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STRUCTURE AND PARTS OF THE TOOTH
Adults have four types of teeth. Incisors have a straight, sharp edge for cutting and biting. Canines tear food with their pointy shape. Bicuspids and molars have a flat surface to grind food.
The first sets of teeth of a person are called milk or temporary teeth and they are usually twenty. The temporary teeth are replaced by permanent teeth. The permanent teeth are divided into three main parts namely:
- The Incisors: These are front teeth in the mouth which have a cutting edge. They are used for cutting off lumps of food and are eight in number.
- The Canine: These teeth are at both sides of the mouth. They are four sharp pointed teeth and are used for tearing food. They are sometimes called dog teeth.
- The Premolar: they are next to the canine. They are for tearing and grinding food. They have flat surface and are usually eight in number
- The Molar: These are large back teeth, with flattened surfaces next to premolar. They are twelve in number used for crushing and chewing of food.
- State two functions of the teeth
- What is the first set of teeth an individual grows called?
STRUCTURE OF THE TOOTH
- The Crown: This is the part that shows when you open your mouth or smile.
- The Root: this part of the tooth inside the gum
- The Neck which is the area around the surface of the gum that separates the crown from the root.
- The Dentine: It is the tough centre of the tooth which surrounds and protects the pulp cavity.
- The Pulp cavity: this contains blood vessel and nerves.
- The Enamel: this is a very hard substance which covers the crown of the tooth.
CARE OF THE TEETH
- Clean your teeth every morning and at bed time with either a clean chewing stick or tooth brush with paste.
- Rinse your mouth properly after each meal especially after eating sweet foods.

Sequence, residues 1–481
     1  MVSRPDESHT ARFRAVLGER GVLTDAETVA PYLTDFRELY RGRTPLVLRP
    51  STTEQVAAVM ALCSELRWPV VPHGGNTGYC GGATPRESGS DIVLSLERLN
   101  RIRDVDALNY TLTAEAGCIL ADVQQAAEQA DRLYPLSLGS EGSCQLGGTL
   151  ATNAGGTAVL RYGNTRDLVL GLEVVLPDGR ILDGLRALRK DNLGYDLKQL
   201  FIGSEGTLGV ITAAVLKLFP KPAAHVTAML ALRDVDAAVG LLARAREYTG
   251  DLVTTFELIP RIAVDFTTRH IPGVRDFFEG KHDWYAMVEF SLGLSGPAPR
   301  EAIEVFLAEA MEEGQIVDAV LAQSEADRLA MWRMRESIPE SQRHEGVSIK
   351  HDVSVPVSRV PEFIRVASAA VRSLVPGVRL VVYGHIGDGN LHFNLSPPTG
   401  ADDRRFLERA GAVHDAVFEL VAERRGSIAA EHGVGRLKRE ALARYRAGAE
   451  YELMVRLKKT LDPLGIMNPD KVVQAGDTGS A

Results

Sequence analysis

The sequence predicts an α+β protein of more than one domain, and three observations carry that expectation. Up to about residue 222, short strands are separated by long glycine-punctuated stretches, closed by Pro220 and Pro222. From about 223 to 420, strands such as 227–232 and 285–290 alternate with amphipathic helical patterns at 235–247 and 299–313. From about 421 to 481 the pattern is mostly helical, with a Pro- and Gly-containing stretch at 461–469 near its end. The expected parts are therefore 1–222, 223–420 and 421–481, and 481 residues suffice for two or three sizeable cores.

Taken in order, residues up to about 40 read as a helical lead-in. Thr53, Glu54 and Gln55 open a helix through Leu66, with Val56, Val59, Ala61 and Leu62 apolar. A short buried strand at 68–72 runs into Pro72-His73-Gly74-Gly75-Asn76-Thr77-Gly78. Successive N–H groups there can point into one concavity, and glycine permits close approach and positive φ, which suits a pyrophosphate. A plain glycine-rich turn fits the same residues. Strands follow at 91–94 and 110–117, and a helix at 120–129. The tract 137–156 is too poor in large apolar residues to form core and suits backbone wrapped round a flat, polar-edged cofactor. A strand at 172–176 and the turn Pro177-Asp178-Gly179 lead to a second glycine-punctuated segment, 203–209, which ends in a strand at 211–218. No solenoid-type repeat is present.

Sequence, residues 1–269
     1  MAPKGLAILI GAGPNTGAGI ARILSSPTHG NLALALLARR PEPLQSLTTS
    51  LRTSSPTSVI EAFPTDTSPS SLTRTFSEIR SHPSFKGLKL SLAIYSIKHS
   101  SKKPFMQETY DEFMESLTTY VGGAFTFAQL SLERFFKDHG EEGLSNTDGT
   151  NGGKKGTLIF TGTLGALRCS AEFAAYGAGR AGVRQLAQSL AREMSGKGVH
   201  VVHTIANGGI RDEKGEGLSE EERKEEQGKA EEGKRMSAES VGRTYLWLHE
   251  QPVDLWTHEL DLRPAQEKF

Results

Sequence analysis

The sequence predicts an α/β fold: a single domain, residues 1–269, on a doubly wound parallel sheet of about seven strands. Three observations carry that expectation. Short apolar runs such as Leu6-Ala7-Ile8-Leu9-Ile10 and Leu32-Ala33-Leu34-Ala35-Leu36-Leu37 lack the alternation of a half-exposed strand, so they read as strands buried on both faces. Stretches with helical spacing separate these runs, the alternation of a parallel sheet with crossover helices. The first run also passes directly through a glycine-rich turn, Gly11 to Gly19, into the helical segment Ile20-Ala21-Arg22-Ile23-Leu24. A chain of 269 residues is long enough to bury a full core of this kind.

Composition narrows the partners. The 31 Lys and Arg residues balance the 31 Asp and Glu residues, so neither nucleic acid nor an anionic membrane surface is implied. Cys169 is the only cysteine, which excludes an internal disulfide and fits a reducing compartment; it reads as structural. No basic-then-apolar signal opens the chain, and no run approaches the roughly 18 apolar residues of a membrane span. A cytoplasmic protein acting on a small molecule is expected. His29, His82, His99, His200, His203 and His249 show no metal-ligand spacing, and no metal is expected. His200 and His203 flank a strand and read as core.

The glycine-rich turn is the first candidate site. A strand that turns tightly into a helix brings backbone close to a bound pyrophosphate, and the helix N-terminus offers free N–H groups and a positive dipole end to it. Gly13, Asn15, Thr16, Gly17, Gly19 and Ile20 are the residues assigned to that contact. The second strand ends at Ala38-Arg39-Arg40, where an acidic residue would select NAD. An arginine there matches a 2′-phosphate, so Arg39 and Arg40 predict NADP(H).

- Do not pick your teeth with sharp instruments such as pins, needles etc.
- Avoid using your teeth as nut-crackers or opener for soft drinks and beer bottles.
- Eat balanced diets for strong healthy teeth, e.g. milk, fruit, fish, meat and other sources of calcium.
- Exercise the teeth by chew nuts and soft bones.
CAUSES OF TOOTH INFECTION
- Often small pieces of food are left in the mouth after meals. When these bits of food are not removed by cleaning the mouth, bacteria produce acids. The acid first destroys the enamel and then the dentine. Pain is felt, when the nerves in the pulp cavity are attacked. This causes toothache.
- Sugars, sweets and starchy foods bring about tooth decay if their particles are left between the teeth.
- Putting dirty objects or fingers in the mouth can introduce germs which cause tooth decay.
- Lack of care for the teeth, failure to clean the teeth regularly can cause tooth infection.
- Habit of picking teeth with sharp pointed articles like pins and hard tooth-pick should not be encouraged as these can puncture the gum and make way for germs to enter.
PREVENTION OF TOOTH DECAY
- Clean the teeth regularly and properly.
- Keep your tooth brush or chewing stick clean.
- Do not use another person’s tooth brush or chewing stick.
- Visit the dentist whenever you have a tooth problem.
- Eat more hard crunchy or crisp food to give the teeth plenty of exercise.
- How can you prevent tooth decay?
- Explain the causes of tooth decay.
- Explain the term tooth decay
- Mention the parts of the teeth
- Explain mouth odour
- The first set of teeth which human beings grow are called (a) Childhood (b) Milk teeth (c) Permanents teeth (d) Junior teeth.
- Which of the following is important for healthy teeth? (a) Floride (b) Chloride (c) Protein (d) Nutrient.
- ______ are replaced by permanent teeth (a) Permanent (b) Dentine (c) Temporary (d) Molars.
- ______ are four sharp pointed teeth (a) Incisors (b) Molars (c) Premolars (d) Canine
- _____ is the part that shows when you open your mouth or smile (a) Root (b) Crown (c) Neck (d) Milk teeth.
- Mention two types of teeth
- List three parts of the teeth and explain them.
Read “The Structure, Functions, Parts and Care of the Teeth” from Home Economics for Junior Secondary Schools, by Elizabeth U. Anyakoha, Pages 21-24.